Scott had drawn out his proposals for the choir vaulting ‘to a great extent’ during the winter of 1870-1 while he was ill and they were carried out in 1871. They were executed ‘under My direction by Mss Hardman Powell’ and consist of medallions containing saints set in a highly elaborate foliated pattern which particularly emphasises the ribs and bosses of the vaulting. In 1986 these decorations were restored to their former glory. Hardmans were Pugin’s favourite stained-glass artists but Scott rarely employed them, perhaps because of their Roman Catholic connections. As Perkins had chosen them to execute the glass for his new east window, they were an obvious choice to decorate the choir vaulting and in 1875 Scott employed them to carry out the great west window to his own design. This is an outstanding work and shows richness in colour and pattern which he had hoped for in his stained glass artists but rarely achieved. The subject is The Creation, with its sequel, the story of Adam and Eve, occupying the central lights.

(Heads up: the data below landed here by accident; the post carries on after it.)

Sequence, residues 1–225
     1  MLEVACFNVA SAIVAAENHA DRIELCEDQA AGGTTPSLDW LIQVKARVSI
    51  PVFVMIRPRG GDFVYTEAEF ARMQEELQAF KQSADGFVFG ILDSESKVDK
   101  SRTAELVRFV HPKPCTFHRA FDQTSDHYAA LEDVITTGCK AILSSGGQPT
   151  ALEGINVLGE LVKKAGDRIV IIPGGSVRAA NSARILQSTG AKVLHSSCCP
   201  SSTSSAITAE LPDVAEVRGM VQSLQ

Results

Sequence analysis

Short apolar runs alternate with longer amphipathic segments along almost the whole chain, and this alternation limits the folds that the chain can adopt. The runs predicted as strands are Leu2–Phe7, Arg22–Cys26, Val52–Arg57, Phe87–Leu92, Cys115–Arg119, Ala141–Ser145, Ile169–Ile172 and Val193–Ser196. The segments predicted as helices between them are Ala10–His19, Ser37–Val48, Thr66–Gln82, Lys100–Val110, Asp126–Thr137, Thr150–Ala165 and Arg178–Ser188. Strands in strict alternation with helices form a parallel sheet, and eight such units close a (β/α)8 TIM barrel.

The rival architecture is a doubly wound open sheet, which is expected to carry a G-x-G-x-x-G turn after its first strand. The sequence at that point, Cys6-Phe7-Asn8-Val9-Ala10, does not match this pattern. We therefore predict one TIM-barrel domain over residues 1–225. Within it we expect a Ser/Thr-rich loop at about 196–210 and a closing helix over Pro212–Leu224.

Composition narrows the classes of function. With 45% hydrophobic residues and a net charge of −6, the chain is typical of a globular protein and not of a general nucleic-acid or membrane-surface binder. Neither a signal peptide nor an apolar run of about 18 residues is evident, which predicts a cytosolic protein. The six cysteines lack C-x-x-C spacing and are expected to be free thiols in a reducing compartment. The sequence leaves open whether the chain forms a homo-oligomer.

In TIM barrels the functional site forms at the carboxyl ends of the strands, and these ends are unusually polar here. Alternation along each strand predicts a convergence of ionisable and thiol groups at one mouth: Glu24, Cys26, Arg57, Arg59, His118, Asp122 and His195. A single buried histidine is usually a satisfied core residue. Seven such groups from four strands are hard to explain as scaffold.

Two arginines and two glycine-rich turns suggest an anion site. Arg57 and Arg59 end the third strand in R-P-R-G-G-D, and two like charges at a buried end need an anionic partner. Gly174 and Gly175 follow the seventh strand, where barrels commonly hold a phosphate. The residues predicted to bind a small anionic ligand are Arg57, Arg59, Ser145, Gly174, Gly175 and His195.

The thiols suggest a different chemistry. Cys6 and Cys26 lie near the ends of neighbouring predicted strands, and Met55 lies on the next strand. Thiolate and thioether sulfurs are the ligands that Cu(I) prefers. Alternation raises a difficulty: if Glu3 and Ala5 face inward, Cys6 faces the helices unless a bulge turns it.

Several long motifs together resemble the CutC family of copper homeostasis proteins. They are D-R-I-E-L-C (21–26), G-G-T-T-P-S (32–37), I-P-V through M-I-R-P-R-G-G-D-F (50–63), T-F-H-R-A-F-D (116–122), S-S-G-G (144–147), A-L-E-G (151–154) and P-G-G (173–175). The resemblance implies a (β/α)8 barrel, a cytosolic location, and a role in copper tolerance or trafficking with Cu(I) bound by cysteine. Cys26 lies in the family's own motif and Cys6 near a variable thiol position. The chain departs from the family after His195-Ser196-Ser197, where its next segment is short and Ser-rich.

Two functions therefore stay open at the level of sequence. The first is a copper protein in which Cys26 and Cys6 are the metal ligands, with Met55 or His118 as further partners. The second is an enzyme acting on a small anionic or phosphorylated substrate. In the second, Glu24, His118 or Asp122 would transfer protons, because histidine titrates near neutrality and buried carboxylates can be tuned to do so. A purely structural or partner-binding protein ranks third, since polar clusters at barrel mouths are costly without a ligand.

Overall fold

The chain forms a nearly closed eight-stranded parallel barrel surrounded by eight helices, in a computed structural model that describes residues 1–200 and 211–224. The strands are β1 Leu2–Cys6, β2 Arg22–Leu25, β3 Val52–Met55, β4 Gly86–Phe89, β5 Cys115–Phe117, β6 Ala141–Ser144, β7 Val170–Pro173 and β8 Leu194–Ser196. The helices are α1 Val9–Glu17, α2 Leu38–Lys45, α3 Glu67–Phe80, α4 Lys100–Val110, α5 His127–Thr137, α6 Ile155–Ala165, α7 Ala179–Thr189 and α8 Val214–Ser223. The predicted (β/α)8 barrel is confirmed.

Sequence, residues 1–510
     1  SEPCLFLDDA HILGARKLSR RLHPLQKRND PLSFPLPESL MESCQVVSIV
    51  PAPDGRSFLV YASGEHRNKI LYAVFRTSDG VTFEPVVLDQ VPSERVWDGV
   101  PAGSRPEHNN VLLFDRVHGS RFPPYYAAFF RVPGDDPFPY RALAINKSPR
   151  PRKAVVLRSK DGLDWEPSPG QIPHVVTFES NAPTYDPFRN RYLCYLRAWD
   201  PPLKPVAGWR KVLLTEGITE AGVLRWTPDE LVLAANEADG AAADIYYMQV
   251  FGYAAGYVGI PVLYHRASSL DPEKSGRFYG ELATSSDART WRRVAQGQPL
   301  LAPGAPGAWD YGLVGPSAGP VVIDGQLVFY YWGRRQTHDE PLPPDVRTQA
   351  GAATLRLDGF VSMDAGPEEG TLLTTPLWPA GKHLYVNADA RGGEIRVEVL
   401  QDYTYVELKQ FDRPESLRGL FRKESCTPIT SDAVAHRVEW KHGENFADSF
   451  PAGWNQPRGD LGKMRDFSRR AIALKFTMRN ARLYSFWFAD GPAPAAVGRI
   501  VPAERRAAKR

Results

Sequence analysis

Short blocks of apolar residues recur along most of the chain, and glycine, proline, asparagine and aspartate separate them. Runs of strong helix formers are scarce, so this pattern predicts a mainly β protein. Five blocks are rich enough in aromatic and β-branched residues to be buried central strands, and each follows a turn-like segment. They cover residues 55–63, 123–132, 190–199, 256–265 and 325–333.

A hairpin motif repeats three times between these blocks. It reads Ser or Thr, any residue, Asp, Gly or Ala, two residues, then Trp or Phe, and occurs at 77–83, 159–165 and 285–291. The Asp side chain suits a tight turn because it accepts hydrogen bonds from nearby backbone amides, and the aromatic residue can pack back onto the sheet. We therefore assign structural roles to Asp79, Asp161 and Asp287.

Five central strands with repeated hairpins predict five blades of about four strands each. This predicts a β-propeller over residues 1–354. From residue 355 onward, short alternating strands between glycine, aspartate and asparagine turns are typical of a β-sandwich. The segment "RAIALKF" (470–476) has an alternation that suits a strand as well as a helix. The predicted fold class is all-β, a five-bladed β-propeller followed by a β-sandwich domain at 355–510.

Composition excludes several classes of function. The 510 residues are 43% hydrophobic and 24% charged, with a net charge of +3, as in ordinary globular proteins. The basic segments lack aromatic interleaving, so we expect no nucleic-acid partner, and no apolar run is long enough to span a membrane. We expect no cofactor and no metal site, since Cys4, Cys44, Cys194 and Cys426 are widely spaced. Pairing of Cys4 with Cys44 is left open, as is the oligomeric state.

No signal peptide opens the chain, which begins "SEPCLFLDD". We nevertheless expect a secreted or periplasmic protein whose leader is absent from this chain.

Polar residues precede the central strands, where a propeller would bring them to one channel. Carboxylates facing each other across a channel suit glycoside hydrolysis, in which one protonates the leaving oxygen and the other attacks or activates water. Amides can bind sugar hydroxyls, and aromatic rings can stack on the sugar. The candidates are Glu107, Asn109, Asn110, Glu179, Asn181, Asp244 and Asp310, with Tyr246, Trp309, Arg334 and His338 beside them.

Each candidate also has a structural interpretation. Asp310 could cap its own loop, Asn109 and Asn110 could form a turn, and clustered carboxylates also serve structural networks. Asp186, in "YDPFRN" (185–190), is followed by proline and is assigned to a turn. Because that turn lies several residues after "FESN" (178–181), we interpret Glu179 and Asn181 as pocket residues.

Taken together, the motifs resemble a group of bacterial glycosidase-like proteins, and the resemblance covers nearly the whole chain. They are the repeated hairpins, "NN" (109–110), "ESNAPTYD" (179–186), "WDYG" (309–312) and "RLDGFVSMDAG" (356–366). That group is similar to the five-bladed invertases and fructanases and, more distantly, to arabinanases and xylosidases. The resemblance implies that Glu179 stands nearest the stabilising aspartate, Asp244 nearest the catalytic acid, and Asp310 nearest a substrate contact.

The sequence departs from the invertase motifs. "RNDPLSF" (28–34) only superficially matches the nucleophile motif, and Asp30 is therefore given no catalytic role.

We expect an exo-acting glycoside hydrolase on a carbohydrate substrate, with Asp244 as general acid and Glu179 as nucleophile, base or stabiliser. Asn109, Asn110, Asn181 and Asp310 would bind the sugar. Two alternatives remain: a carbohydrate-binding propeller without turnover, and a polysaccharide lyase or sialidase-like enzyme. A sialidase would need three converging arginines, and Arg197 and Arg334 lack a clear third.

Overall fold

Around the time of Perkin’s death in 1873, Scott had done other ‘sundry works in the nave’. These included laying a new floor in an elaborate pattern of white and black marbles donated by Dudley, at a cost of between £4,000 and £5,000. The design is said to have been inspired by the floor of Amiens but its bold Greek-key pattern down the centre of the nave flanked by a diamond pattern suggests a classical inspiration. Dudley also provided a new nave pulpit in 1874 which Scott designed in a very rich fourteenth century style and it was carved by Forsyth in alabaster.

Eventually, after twenty years of constant building work under Perkins and Scott, the restoration was finally completed and on Wednesday 8 April 1874, amidst much celebration, the opening services were held. At the banquet which followed, Lyttleton expressed his regret that Perkins had not lived to see the completion of his work and Dudley spoke of Scott’s genius and the high level of workmanship achieved.